It’s now part of the routine when you go shopping. The cashier asks you if you have a rewards card and, if you don’t, encourages you to sign up for one “because it will only take a minute and you’ll get lots of benefits”. But will you? Are there loyalty programs that work for the customer and not just the business?
Industry expert Philip Shelper, CEO of Loyalty & Reward Co, has worked with the likes of Hoyts, Officeworks and Qantas. We asked him the questions we all think when looking at our collection of rewards cards.
How can the average person figure out if a loyalty program offers anything of value?
The easiest way is to ask the loyalty program provider what value a member receives for a spend of $1000. For flybuys this would be $5 of points. For an AMEX Platinum card it may be around $15 of points. For HOYTS Rewards it would be $100 of points.
It’s also worth looking at bonus offers. For example, the IKEA Family rewards card offers members food discounts in their cafeterias.
But how do I know if a rewards card provides a reward I want? What if I like shopping at IKEA but don’t want to eat there?
Most large programs are now moving towards offering a range of redemption options, so there’s something for everyone. It’s worthwhile deciding what sort of reward you want from a particular program then working out the fastest way to achieve that reward.
What questions should I ask when invited to sign up for a rewards card?
Firstly, what personal information am I required to provide and am I comfortable providing it? Secondly, how will the loyalty program use my information and will any of my personal or transactional information be shared with other companies? Thirdly, will I gain any meaningful value from being a member of this program?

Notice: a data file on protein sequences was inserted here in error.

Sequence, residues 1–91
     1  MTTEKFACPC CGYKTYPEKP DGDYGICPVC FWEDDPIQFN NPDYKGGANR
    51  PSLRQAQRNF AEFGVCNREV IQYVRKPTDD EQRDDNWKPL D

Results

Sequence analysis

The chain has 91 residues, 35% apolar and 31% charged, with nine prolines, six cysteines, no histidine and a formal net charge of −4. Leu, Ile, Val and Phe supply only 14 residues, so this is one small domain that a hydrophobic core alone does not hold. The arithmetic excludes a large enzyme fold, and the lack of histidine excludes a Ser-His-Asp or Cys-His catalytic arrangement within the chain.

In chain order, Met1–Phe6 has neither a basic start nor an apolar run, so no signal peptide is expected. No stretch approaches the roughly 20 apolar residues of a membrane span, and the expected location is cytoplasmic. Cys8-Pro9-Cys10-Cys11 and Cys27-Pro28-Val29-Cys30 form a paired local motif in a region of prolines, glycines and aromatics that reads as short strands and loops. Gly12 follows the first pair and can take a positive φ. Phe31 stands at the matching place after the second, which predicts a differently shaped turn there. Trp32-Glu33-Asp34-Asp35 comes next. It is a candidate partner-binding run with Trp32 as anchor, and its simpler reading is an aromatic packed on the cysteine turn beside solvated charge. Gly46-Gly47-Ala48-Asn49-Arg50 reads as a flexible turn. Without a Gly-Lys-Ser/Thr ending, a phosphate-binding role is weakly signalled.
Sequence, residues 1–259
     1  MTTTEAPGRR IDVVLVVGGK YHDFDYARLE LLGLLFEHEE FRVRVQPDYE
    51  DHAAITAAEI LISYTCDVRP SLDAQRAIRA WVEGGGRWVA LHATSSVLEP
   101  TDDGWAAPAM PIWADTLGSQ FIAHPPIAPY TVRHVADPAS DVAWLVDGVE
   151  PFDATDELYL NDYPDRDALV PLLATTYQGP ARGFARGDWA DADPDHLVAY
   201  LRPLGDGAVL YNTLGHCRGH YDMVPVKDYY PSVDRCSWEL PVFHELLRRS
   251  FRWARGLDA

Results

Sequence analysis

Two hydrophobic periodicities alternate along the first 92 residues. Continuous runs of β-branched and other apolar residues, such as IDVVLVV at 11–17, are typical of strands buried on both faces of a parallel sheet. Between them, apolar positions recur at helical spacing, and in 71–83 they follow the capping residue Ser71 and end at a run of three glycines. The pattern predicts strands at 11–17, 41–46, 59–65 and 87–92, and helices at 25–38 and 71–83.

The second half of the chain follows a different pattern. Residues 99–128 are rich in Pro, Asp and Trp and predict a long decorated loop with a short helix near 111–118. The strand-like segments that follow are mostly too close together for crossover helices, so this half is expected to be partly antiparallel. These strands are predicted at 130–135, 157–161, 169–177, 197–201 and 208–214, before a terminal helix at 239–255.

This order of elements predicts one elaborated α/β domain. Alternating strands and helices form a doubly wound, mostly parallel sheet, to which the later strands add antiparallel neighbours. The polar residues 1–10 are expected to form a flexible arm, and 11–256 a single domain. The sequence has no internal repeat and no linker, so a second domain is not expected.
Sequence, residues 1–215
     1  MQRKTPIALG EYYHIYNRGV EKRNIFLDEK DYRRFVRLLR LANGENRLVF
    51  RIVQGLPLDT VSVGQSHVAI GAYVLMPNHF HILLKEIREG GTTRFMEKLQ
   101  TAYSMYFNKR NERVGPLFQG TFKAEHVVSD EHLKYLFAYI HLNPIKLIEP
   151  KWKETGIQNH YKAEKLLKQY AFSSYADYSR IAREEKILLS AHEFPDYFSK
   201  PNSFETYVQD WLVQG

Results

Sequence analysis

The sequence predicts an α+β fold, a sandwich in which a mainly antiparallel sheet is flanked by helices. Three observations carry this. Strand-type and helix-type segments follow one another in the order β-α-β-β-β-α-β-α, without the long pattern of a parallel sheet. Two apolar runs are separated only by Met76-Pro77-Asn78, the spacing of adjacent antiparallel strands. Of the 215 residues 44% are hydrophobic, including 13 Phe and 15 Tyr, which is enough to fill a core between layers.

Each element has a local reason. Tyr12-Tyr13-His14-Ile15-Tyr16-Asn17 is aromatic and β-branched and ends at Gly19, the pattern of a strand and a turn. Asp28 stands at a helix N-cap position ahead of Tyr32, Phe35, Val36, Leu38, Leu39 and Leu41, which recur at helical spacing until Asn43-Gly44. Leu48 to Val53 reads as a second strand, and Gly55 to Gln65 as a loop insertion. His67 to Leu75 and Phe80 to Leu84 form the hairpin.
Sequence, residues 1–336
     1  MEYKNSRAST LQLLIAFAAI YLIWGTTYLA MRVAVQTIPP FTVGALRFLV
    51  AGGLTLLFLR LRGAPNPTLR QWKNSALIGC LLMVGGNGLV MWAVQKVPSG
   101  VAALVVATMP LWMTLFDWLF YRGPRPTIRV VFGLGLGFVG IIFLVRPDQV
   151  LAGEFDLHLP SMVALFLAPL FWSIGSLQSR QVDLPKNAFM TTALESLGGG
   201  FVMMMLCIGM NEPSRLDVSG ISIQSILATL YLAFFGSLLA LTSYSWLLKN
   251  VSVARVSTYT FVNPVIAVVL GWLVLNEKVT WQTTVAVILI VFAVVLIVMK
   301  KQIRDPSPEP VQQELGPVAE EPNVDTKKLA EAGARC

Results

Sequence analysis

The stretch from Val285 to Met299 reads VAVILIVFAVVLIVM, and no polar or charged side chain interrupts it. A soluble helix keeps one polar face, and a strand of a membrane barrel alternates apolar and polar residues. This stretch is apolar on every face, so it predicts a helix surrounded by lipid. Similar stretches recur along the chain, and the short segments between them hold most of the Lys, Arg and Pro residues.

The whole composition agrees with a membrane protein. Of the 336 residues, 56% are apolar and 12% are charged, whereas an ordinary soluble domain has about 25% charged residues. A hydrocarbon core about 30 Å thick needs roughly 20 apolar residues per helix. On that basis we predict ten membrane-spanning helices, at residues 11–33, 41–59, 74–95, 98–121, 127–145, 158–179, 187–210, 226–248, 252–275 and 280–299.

What makes the best loyalty program? Does it depend on the type of people it’s aimed at? A travel-mad twenty-something probably wants different rewards than a pensioner struggling to make ends meet.
Yes, absolutely. The best loyalty programs offer the option to earn in multiple channels, and this is where value is maximised. Members earning points in just one channel – such as food shopping – rarely earn anything of value, especially in the supermarket programs where the return can be as little as 0.5c for each $1 spent.
So there you have it, shoppers. Next time someone tries to sign you up for a rewards card at the cash register, quiz them about the return per $1000 spent. Then decide if the reward is something you’re interested in.
Finally, work out whether you’re passionate enough about acquiring the reward to be OK with the business you’re signing up with – and possibly others – mailing, emailing and maybe even phoning you once you’ve handed over your contact details.